France bans tainted Chinese candies

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The French agriculture ministry orders “White Rabbit” and “Koala” sweets off the shelves after finding they contain high levels of melamine.

10 October 2008
PARIS -- French authourities found Chinese sweets made with milk tainted by the industrial chemical at the centre of a massive international health scare, the agriculture ministry said Friday.
The ministry ordered an end to sales of "White Rabbit" sweets and "Koala" biscuits in France, and warned consumers to destroy or return them as they were found to contain the toxic chemical melamine.
In China, four babies died of kidney failure and at least 53,000 children fell sick after consuming products tainted with melamine, which fraudulent dairy companies use to increase nitrogen levels in watered-down milk.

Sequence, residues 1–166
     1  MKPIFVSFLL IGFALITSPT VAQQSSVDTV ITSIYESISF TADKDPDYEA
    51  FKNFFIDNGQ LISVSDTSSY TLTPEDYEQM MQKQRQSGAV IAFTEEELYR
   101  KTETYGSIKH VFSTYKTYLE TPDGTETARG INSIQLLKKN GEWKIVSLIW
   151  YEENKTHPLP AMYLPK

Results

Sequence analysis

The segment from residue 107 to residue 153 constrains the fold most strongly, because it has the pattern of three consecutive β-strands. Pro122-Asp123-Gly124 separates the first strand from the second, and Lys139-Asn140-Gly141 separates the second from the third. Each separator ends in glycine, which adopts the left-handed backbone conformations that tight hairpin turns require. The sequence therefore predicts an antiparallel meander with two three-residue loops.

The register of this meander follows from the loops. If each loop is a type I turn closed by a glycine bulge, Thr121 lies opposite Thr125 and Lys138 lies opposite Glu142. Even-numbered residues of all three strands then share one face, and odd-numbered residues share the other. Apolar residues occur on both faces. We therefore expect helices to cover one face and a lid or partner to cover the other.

"The first results of tests conducted in France have shown a melamine level above the warning level set by the European Commission at 2.5 milligrammes per kilo", the statement said.
As of yet, no health problems were detected in France as a result of the contamination, it added, ordering that the products be taken immediately off the market and advising consumers not to order more from the Internet.
After first being detected in milk powder made by China's Sanlu Group, more than 20 Chinese companies were found to have contaminated products, including industry giants such as Mengniu, Yili and Bright Dairy.
Melamine was since been detected around the world, in dairy ice cream, milk drinks, biscuits, sweets, milk tea, flavoured peanuts and chocolate bars, and several countries banned dairy imports from China.

[AFP / Expatica]

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